Illustration of Jaleh Soroui

Jaleh Soroui

Jaleh Soroui leads the AIR team that provides expertise, technical assistance, and management for the U.S. Department of Education’s National Center for Education Statistics (NCES). Throughout her career, Jaleh has been at the forefront of incorporating education technology into adult education.

Illustration of Amanda Latimore

Amanda Latimore

Amanda Latimore, who leads AIR's Center for Addiction Research and Effective Solutions (AIR CARES) and teaches social epidemiology at the Johns Hopkins Bloomberg School of Public Health, discusses how education, the employment system, housing, health care, and social context all play a role in her work—and the impact of the pandemic on substance disorders.

Illustration of Karen Francis

Karen Francis

Karen Francis, a medical sociologist by training, leads AIR’s Office of Diversity and Inclusion. AIR's work in diversity, equity, and inclusion is not limited to a single department or program; it is strategically embedded into every aspect of the organization. In this interview, Karen explains this comprehensive strategy—and why it is essential for real progress.

Illustration of Josh Polanin

Joshua R. Polanin

Josh Polanin, principal researcher and project director for AIR’s What Works Clearinghouse, discusses his experience in quantitative methodology, particularly systematic review and meta-analysis, which allows him to design and lead studies across the field of education research. 

Illustration of Eboni Howard

Eboni Howard

Eboni Howard is a nationally recognized expert in child and family development, implementation science, and mixed-methods evaluation approaches. In this interview, she describes her work on such topics as early childhood systems change, Quality Rating and Improvement Systems, and professional development. 

Illustration of Allison Gandhi

Allison Gandhi

Allison Gandhi directs and implements large research projects at AIR and oversees the organization’s special education practice area. Find out what she thinks are trends to watch in special education over the next 5-10 years.

Illustration of Roger Jarjoura

Roger Jarjoura

Roger Jarjoura is on the leadership team for AIR’s National Reentry Resource Center, funded by the U.S. Department of Justice. In his interview, he says the reason why the United States has such a high rate of incarceration "is not because of rocketing crime rates, but because our justice system involves punitive practices."

Illustration of Samia Amin

Samia Amin

Samia Amin leads the workforce development practice at AIR. She’s helped federal, state, local, and international governments and foundations develop and refine workforce programs. Find out more about her work using methods such as behavioral insights, human-centered design, and research-driven pilot programs for continuous program improvement.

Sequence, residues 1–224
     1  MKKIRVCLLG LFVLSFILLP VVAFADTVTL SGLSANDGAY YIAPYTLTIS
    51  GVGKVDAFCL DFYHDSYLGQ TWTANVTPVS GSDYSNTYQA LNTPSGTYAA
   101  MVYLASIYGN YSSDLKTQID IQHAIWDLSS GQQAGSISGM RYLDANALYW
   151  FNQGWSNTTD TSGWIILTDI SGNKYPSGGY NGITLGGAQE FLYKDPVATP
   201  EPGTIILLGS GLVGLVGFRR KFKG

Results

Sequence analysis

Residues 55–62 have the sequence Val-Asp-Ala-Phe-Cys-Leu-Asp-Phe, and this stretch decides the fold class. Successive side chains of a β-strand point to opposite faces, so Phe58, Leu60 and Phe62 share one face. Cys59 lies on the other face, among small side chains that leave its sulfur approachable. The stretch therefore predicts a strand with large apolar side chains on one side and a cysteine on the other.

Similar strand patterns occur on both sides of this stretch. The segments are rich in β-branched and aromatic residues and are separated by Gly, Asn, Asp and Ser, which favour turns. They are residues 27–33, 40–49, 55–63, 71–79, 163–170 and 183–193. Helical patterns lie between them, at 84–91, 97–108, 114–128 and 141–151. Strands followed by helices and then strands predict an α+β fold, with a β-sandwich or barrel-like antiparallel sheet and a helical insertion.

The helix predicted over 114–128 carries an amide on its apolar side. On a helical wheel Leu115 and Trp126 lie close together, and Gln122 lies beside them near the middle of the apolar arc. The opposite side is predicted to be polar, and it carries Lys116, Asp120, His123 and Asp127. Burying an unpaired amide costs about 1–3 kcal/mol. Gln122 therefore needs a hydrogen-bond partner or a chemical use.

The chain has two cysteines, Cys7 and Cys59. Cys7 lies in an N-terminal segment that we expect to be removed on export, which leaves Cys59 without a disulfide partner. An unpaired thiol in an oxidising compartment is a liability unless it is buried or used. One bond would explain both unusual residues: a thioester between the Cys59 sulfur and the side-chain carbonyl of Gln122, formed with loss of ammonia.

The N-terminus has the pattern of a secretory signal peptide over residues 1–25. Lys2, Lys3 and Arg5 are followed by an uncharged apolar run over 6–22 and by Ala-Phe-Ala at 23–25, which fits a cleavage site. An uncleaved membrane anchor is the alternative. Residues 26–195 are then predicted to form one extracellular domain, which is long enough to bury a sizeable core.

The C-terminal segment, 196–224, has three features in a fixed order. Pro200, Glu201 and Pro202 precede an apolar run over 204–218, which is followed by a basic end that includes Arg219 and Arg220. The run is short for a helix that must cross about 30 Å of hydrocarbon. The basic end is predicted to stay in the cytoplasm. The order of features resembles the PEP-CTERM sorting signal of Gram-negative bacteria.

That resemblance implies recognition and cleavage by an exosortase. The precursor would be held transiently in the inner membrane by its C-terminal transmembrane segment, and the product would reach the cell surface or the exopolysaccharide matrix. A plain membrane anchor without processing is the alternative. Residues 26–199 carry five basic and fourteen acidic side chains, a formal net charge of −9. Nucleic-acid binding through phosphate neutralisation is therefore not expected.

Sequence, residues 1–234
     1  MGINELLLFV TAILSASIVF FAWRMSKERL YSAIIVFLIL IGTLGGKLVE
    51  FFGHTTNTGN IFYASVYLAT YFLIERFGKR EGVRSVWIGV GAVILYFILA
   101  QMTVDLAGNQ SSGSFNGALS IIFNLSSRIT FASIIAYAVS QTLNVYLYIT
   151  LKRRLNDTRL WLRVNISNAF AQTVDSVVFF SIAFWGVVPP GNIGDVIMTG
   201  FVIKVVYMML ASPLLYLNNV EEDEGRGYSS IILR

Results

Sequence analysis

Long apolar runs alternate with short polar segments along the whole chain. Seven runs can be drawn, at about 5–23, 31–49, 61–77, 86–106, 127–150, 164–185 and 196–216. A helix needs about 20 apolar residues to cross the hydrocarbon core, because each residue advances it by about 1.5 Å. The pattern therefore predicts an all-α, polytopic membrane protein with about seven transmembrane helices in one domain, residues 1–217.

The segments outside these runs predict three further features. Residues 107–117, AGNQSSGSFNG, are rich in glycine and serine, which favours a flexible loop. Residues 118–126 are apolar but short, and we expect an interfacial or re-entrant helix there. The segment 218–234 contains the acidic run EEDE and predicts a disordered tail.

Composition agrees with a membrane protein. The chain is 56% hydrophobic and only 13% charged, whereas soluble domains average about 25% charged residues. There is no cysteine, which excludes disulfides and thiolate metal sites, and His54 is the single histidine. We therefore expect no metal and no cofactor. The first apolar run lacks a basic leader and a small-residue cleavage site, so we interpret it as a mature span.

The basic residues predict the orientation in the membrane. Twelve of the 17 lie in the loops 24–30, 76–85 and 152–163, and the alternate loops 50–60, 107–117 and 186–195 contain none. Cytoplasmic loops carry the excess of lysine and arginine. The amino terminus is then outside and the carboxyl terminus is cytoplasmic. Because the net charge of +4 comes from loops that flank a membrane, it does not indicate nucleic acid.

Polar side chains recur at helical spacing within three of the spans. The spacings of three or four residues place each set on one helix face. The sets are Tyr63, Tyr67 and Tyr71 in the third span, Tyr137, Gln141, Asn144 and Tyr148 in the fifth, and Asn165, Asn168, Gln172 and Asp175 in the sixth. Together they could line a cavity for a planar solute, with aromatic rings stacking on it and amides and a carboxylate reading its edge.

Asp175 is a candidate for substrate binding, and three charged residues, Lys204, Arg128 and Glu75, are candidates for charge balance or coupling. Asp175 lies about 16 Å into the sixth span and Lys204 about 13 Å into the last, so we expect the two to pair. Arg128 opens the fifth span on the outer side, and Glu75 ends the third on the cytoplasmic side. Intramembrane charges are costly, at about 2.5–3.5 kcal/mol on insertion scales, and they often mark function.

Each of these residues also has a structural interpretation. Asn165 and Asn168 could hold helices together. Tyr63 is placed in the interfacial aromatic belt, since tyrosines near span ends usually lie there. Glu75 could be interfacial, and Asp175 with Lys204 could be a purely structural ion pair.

Illustration of Thomas de Hoop

Thomas de Hoop

Thomas de Hoop is a development economist, with 15+ years of experience designing, implementing, and leading impact evaluations and systemic reviews. Read what motivated him to choose this path–and what advice he has for people wanting to pursue a career in social science research.

Illustration of David Osher

David Osher

David Osher, vice president and Institute Fellow, works across a variety of topic areas—including social and emotional learning, school and community mental health services and interventions, school climate and conditions for learning, and implementation science and data use—both domestically and internationally.  Find out what he's learned in his 50+ year career, and what he thinks is the future of violence prevention in schools.

Illustration of Deb Moroney

Deborah Moroney

Deborah Moroney specializes in bridging research and practice, having worked as a staff member for out-of-school programs early in her career. She's written practitioner and organizational guides; co-authored the fourth edition of “Beyond the Bell®, A Toolkit for Creating High-Quality Afterschool and Expanded Learning Programs,” and co-edited Creating Safe, Equitable, Engaging Schools: A Comprehensive, Evidence-Based Approach to Supporting StudentsFind out what she thinks makes a great out-of-school program.

Meet the Expert Archive

Illustration of Alicia Garcia

Alicia Garcia

Alicia Garcia, a principal policy analyst at AIR, has spent much of her career seeking to make improvements to state- and district-level education policy. In her interview, the former attorney talks about why she transitioned from education law, and what's changed in the field in the last 15 years.

Illustration of Ann-Maria Faria

Ann-Marie Faria

AIR early childhood development and education expert, Ann-Marie Faria focuses on quantitative research in early childhood settings, drawing on her experience as a former kindergarten and elementary school teacher. Read about how her experience as a foster mom has changed her perspective on her research.

Illustration of Mehari Belachew

Mehari Belachew

In his 25+ years running medium- and large-scale surveys in Africa, Mehari Belachew has learned to expect the unexpected. In this interview, he talks about the obstacles that can derail survey design and data collection in this region of the world—and how preparation and flexibility can overcome them.